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    The indicators are arranged in terms of the now widely-used DPSEEA framework (Figure 1) (Corvalán et al. 1996). Within this framework, the driving forces component (D) refers to the factors which motivate and push the environmental processes involved. Of these, possibly the most important is population growth; others include technological development, economic development and policy intervention. 

    The driving forces within the DPSEEA model result in the generation of pressures (P) on the environment. These are normally expressed through human occupation or exploitation of the environment, and may be generated by all sectors of economic activity, including mining and quarrying, energy production, manufacturing, service industries, transport, tourism, agriculture and forestry. In each case, pressures arise at all stages in the supply chain - from initial resource extraction, through processing and distribution, to final consumption and waste release. 





    In response to these pressures, the state of the environment (S) is often modified. The changes involved may be complex and far-reaching, affecting almost all aspects of the environment and all environmental media. They are expressed, therefore, in terms of the frequency or magnitude of natural hazards, the availability and quality of natural resources, and the levels of environmental pollution. These changes in the state of the environment also operate at markedly different geographic scales. Many changes are intense and localised, and often concentrated close to the source of pressure (e.g. habitat loss, urban air pollution, contamination of local water supplies). Many others are more widespread, contributing to regional and global environmental change (e.g. desertification, marine pollution, climate change). Because of the complex interactions which characterise the environment, almost all these changes have far-reaching secondary effects. 

    When people are exposed to these environmental hazards, then risks to health may occur. Exposure (E1) thus refers to the intersection between people and the hazards inherent in the environment. The National Academy of Sciences (1991) defines exposure as ‘an event that occurs when there is contact at a boundary between a human and the environment with a contaminant of a specific concentration for an interval of time’. In the case of environmental pollution, therefore, exposure can occur in a number of different ways — by inhalation, ingestion or dermal absorption — and may involve a wide range of different organs. External exposure refers to the quantity of the pollutant at the interface between the recipient and the environment. It is often measured either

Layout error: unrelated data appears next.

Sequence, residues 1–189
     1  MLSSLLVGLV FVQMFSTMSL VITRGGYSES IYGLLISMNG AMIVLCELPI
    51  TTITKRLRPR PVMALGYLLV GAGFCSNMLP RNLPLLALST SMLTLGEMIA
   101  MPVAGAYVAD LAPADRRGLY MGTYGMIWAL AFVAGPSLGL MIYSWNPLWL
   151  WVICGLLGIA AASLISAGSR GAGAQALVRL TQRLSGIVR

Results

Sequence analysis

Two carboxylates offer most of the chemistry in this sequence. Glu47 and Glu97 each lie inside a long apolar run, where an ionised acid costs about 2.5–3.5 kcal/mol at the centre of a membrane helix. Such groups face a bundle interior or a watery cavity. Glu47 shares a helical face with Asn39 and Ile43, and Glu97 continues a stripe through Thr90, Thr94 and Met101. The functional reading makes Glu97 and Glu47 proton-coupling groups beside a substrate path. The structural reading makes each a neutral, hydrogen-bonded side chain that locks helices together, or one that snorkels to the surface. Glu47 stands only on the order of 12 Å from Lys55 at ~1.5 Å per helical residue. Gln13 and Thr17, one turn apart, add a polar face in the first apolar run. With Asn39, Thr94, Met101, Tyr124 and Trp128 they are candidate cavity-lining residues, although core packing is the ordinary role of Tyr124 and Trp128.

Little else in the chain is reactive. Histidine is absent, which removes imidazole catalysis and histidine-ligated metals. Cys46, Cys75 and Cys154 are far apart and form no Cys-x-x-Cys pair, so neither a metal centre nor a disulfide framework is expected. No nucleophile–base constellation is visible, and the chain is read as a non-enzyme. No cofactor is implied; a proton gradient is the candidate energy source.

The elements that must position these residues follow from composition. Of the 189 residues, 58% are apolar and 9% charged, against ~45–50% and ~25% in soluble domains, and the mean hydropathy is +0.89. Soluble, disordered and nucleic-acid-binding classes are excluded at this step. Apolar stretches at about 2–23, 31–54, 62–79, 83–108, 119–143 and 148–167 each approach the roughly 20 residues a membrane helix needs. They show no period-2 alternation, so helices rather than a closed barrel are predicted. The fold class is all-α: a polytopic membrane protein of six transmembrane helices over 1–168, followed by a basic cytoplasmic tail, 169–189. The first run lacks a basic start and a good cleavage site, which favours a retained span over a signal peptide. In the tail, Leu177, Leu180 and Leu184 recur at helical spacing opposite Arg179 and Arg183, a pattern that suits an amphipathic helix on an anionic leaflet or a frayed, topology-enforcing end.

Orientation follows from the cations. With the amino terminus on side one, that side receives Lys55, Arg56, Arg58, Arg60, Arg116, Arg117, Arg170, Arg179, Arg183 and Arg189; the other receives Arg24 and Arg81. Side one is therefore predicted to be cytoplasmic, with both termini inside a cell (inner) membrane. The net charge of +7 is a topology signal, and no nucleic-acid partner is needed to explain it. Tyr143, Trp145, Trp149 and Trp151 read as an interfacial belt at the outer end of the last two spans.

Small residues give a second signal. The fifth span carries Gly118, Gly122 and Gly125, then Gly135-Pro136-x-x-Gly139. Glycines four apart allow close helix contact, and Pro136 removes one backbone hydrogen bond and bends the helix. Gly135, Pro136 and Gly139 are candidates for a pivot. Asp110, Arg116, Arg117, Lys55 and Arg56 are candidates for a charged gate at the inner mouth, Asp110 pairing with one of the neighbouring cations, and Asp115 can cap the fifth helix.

using some form of personal monitor (e.g. passive sampling tubes for air pollution) or by modelling techniques (e.g. based upon knowledge of concentrations in the ambient environment). The amount of any given pollutant that is absorbed is often termed the absorbed dose, and may be dependent on the duration and intensity of the exposure. Target organ dose refers specifically to the amount that reaches the human organ where the relevant effects can occur (Sexton et al. 1995). 

    Exposure to environmental hazards, in turn, leads to a wide range of health effects (E2). These may vary in type, intensity and magnitude depending upon the type of hazard to which people have been exposed, the level of exposure and the number of people involved. For convenience, a simple spectrum of effects can often be recognised. The earliest, and least intense, effects are sub-clinical, merely involving some reduction in function or some loss of wellbeing. More intense effects may take the form of illness or morbidity. Under the most extreme conditions, the result is death. 

    It must be said that the DPSEEA framework works well for risks associated with environmental pollution, where the chain from driving force to source activity and thence to health effect via emissions and exposure is evident. It can also be applied to the many psychological and perceptual health effects which may be generated by the fear, rather than the eventuality, of a hazard (e.g. stress or anxiety caused by fear of exposure to radiation from a nuclear power station, or of physical injury from war). It is less appropriate, however, in the case of physical risks, as presented by natural hazards (e.g. flooding) or technology (e.g. traffic accidents), where the concept of ‘pressure’ is less meaningful. Nor can it easily be applied in full to those environmental hazards, such as famine, which affect health more by omission than comission. Like other aspects of environmental health indicators, therefore, the DPSEEA framework should be seen as an aid, not a straight-jacket; it needs to be adapted and modified according to circumstance. 

    Partly as a reflection of this, it may be noted that the indicators presented here do not in most cases occupy every point in the DPSEEA chain for every issue. Because of the way they are conceived, different issues tend to focus on different parts of the DPSEEA framework. Some are more source-based (i.e. focusing on the driving forces and pressures which lead to exposure); many are exposure-based; others are effect- (i.e. health-) based. The indicators are thus presented either as ‘chains’ (i.e. a set of linked indicators from different parts in the DPSEEA framework) or as ‘clusters’ (i.e. a group of related indicators from one point in the framework). In almost all cases, however, the indicators are likely to be most meaningful and effective if interpreted together. 

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